But who am I kidding? When she looked at me, Biscuit probably saw the same thing the cat in the famous Kliban cartoon sees when it looks at a wall, as indicated by the thought bubble above its head: a wall.

In her case, it was a wall that moved and gave her food and love, though she might not know what love is. And I doubt it entered her mind that the wall told itself she loved it, too, educing as evidence the way she licked its hand in the morning and greeted it with an almost birdlike chirp when it came home from wherever it is a wall goes.

thinks that love is a specifically human emotion. She doesn’t mean that only humans are capable of love but that only humans are really suited for it, and that when a domestic animal—a dog or a cat or one of the intelligent talking birds—learns to love, as it may from prolonged contact with a human being, it is almost always to its detriment. Sometimes that love is fatal to it. Not long after we became involved, I had to go away to Southeast Asia for several weeks. The whole time I was gone, I missed F. as if she were the one who’d left and I were moping in the same dingy coffee shops I’d been moping in before I met her, for years. Nothing I saw overseas was exotic to me, not the rice paddies or the Buddhist temples shaped like enormous bells with young monks sitting on their steps in their orange robes, not the markets selling jackfruit big as fourth graders, not the crumpled shell of an American helicopter or the range where you could fire M-16s and AK-47s, depending on which set of combatants you felt like role-playing. It was just a landscape of subtraction. I came back diminished by a tropical infestation that wrung my guts like a washcloth. F. met me in my loft. She said I looked thin. We spent the day and evening in bed. Later we went to dinner. Because I was too weak to walk far, we chose a restaurant only a few blocks away. I don’t know if it was sickness or love that made it so hard for me to eat. I’d raise my fork and watch it idle before my mouth. What was a fork for? This question wouldn’t have occurred to a cat.

F. too appeared to be in rapture. She smiled across the table with shining eyes. But as I watched, a change came over her face; it seemed to melt and then re-form. Her smile became a smile of hatred, as cruel as that of an empress sitting in an arena and gazing down at men who were about to be slaughtered for her.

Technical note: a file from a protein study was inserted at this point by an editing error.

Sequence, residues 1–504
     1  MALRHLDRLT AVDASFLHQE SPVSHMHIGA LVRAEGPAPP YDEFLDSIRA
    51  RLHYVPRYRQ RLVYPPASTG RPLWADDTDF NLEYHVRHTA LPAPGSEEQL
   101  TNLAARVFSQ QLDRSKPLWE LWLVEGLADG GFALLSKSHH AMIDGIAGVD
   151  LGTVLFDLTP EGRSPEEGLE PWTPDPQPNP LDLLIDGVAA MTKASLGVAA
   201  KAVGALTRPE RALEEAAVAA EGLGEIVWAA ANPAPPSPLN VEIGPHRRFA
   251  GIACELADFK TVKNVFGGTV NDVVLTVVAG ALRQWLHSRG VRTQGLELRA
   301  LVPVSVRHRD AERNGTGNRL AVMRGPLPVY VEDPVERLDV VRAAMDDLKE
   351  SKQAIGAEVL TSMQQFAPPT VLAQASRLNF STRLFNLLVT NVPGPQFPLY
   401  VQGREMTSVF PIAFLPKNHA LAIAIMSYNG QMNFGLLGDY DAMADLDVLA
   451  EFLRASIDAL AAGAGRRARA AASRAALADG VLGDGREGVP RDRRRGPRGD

“Why are you looking at me that way?” I tried to keep the fear out of my voice, but a moment later I heard myself plead, “Don’t look at me that way. I don’t like it.” I’m no longer sure of how she answered me. Maybe she said, “I wonder if you’re really what you seem,” or “I hope you don’t turn out to be weak.” She may have said, “I can’t help myself. When I feel this way too long, I just want to bite.” One thing I’m sure of is that she didn’t pretend not to know what I was talking about. Between us lay the reality of that condemning smile. Both of us acknowledged it, though she may not have known the reason for it any more than I did.

At the time, I thought the smile meant she’d fallen out of love with me and hated me for it. I understood that feeling. The night D. proclaimed she loved me more than air, I cringed inwardly the way some people cringe from a street beggar, and a while later I was angry at her, the way people are at beggars. Why doesn’t somebody do something about them? Years before, I’d felt the same anger at my girlfriend T., watching the meek curve of her shoulders as she sat before the TV in the apartment we shared in penury. I’m not sure if I was angry at her for tricking me into loving her or for letting me see her as she was, a bright, modestly pretty woman content with the modest pleasure of watching TV on a weeknight in
a shitty apartment with a bathtub in the kitchen and burlap stapled to its rotten plaster walls. Falling out of love was so terrible that it had to be somebody else’s fault. Why should F. be any different?

The Spanish verb querer means both “to love” and “to want.” Yo quiero may be the beginning of a cry of sexual longing or of an order at the butcher counter. The same duality occurs in other languages, just not as blatantly. It defines love as a condition of insufficiency, a lack that can be cured only by the recovery of a missing object. Love is lovesickness. The lover is an open wound calling to the knife. In the Symposium, Plato has Aristophanes speak of that primeval race of compound beings—barrel shaped, eight limbed, with a face on either side of their spherical heads—whom the gods split in two “like a sorb-apple which is halved for pickling, or as you might divide an egg with a hair,” so that forever after their cloven descendants wander the earth like ghosts, mourning what was taken from them: “Each of us when separated, having one side only, like a flat fish, is but the indenture of a man,” Plato writes. What a terrible phrase that is, “the indenture of a man,” a man bitten down to a stub. How can you not hate someone who reminds you of your indenturedness, especially when he is sitting across from you, close enough for you to see the tooth marks? Who made those marks?

Peter Trachtenberg ’74 is the author of two highly acclaimed works of nonfiction, The Book of Calamities and 7 Tattoos: A Memoir in the Flesh. He’s also written for The New Yorker, Harper’s, O: The Oprah Magazine, and Tricycle. He lives in Pittsburgh, where he is an assistant professor at the University of Pittsburgh